Trouble Man: The Life and Death of Marvin Gaye

Steve Turner, Author Ecco $24 (272p) ISBN 978-0-06-019821-3
Originally published in the U.K. in 1998, this biography surveys the ups and downs of Marvin Gaye's life, taking an admiring but not enamored stance concerning the Motown singer's contribution to American music. London-based music writer Turner presents an exciting profile, regardless of the reader's prior knowledge of the soul legend. Gaye was born in 1939 in Washington, D.C., and raised with his father Marvin Sr.'s strong religious beliefs he sang in church at age two but he was also plagued by his father's mistreatment of his mother and general ultra-strict demeanor. The dysfunctional upbringing would have devastating effects later in Gaye's life. He believed he was chosen by God to sing, and kept this view throughout his life, despite what Turner depicts as his subsequent straying from morality and purity. Gaye's first album, in 1961, flopped (it was deemed too jazzy), and he turned to profitable and popular R & B at the urging of agents and producers, coupled with introductions to Smokey Robinson and others. An illustrious musical career ensued, highlighted with hits like ""I Heard It Through the Grapevine"" and ""Sexual Healing."" But for this ""trouble man,"" even bright moments of fame and success were merely shades away from distress. He began spontaneous romances despite lingering bitterness from previous relationships, gave lavish concerts while struggling to pay alimony to his ex-wives and projected a thriving, happy image to the world while he battled with serious drug dependency. The author comprehensively presents Gaye's decline and fall (including his 1984 murder by his father), offering equal amounts of musical data and personal anecdotes. Two 8-page b&w photo inserts. (Oct.)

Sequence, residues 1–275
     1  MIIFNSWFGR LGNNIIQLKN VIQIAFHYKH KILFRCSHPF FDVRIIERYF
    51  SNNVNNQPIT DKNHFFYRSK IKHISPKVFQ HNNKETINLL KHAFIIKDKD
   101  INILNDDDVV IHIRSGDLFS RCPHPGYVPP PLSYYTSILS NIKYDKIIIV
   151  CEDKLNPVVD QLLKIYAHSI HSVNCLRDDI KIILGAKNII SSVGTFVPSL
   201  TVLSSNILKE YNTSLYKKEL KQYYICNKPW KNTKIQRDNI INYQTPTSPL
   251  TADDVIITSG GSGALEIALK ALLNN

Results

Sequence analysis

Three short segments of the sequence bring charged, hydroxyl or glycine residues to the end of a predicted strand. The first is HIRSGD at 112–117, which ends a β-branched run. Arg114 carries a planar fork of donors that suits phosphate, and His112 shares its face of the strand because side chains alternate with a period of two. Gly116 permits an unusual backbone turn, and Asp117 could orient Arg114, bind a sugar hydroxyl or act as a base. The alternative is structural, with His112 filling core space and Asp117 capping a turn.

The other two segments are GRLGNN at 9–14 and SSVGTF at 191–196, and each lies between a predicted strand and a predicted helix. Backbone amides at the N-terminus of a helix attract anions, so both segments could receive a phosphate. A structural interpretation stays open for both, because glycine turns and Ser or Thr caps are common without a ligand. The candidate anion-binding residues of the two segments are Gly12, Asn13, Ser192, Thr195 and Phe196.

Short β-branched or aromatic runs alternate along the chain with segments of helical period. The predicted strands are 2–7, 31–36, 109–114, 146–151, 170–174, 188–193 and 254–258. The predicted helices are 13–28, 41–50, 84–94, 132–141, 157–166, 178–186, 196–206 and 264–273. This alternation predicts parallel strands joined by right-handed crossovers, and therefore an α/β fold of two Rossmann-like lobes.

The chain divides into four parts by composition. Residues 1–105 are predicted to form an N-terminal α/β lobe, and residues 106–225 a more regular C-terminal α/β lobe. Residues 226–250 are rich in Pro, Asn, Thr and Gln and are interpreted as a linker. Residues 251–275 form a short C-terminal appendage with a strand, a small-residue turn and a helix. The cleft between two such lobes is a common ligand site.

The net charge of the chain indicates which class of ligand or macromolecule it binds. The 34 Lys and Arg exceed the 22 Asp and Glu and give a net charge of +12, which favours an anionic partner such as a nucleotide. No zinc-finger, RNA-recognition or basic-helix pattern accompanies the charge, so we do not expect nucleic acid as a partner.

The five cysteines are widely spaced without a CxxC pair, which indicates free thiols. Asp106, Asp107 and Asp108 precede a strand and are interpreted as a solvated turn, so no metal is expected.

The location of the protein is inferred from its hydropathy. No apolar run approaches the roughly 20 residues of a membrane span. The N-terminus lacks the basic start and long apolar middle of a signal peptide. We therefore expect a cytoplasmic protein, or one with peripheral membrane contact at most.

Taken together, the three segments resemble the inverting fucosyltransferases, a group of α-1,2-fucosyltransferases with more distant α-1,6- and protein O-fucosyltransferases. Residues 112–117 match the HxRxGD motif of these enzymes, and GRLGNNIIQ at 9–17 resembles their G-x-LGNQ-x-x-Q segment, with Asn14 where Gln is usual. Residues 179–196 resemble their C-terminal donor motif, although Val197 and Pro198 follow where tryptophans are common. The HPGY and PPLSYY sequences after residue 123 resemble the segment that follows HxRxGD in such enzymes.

Reviewed on: 10/02/2000
Release date: 10/01/2000
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